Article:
- The AIX-native security stack is not very modern. It’s missing things like default log-in failure detection and capturing objects for analysis and reporting.
- AIX doesn’t support real-time FIM. It has a file health tool, but it can’t handle the entire file tree—performance and memory are limited. In terms of real-time FIM, AIX could use a more advanced integration. In addition to securing files and code, this is important for compliance with NIST, PCI DSS, and other regulations and standards.
- The packet management system is rooted in generations-old technology.
- You may struggle to log the high fidelity information and root out false readings.
Why is it important to protect every endpoint? Bugs and vulnerabilities can move undetected through the software supply chain. You need a mix of AV, antimalware, FIM, vulnerability detection, MFA, and the ability to update security rules rapidly to defend against the latest threats looking for an easy way in.
AIX and legacy systems must be safeguarded beyond AV and basic protection. Enterprises and federal agencies should secure AIX deployments, both endpoints and web connections, going beyond AIX firewall coverage. Atomicorp develops advanced security rules for these AIX environments and brings professional support to ensure the installation is a success.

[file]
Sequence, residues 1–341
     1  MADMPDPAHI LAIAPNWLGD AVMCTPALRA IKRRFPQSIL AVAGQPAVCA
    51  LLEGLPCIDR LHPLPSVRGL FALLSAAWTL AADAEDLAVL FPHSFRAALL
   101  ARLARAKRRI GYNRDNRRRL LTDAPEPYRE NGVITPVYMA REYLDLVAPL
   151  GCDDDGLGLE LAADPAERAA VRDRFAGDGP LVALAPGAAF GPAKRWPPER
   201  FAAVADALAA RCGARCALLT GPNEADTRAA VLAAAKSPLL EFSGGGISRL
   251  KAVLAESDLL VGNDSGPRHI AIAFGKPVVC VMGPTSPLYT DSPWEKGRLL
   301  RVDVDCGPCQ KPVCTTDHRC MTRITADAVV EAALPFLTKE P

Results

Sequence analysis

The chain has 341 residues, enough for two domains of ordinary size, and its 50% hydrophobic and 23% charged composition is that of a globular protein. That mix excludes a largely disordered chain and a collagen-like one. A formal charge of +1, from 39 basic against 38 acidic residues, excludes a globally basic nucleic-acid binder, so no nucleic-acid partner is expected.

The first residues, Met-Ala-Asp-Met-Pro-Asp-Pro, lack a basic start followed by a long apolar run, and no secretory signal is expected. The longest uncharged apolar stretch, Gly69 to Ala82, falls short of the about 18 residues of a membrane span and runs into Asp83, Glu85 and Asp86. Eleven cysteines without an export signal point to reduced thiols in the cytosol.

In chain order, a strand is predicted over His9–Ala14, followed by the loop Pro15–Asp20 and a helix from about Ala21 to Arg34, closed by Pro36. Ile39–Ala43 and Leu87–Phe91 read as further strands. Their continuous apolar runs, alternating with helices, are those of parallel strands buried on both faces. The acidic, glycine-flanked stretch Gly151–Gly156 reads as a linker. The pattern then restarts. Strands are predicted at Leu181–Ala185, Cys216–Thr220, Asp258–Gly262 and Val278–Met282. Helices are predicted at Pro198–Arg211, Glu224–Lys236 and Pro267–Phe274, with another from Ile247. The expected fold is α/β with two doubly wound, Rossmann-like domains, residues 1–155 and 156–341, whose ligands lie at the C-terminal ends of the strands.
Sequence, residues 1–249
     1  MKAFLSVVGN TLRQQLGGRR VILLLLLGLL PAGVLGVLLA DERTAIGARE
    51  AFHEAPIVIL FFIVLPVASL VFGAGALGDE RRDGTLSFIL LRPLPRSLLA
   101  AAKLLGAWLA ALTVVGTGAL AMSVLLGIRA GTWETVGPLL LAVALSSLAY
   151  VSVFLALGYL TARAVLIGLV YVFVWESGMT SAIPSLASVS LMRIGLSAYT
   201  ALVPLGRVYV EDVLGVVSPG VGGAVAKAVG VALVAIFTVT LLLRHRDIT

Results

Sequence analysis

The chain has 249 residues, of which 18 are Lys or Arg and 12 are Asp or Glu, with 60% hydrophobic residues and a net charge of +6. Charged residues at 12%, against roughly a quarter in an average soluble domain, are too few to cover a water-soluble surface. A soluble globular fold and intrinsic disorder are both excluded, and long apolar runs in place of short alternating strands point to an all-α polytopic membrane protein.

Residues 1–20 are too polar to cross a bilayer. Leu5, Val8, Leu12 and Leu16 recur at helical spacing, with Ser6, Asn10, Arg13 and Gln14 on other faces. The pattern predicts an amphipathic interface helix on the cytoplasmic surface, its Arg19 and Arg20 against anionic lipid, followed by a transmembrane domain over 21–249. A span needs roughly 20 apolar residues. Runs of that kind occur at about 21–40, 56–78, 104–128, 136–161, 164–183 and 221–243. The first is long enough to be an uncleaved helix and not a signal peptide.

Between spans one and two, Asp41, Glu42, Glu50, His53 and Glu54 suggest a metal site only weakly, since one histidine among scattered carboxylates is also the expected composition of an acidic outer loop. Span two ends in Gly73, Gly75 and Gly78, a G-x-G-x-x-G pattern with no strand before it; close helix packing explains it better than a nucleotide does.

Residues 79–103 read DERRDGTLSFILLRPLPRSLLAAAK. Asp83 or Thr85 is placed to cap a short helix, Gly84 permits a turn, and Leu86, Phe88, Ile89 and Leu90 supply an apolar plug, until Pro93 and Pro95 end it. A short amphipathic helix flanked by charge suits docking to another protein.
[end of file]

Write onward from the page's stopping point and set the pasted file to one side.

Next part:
In the following video, I demonstrate how you can bring additional security, zero trust principles, and data security compliance into your AIX deployment via highly portable open source-based security rules and crowdsourced threat intelligence.
Adding Security to Your AIX Endpoint Environment
Watch the video presentation.
- Check out our syslog and file integrity monitoring (FIM) capabilities and security software for AIX. It’s a boon for compliance with PCI DSS 11.5 and NIST 800-53.
- Run a scan of AIX system(s).
- Be able to go beyond AIX defaults.
- Monitor an AIX generic repository.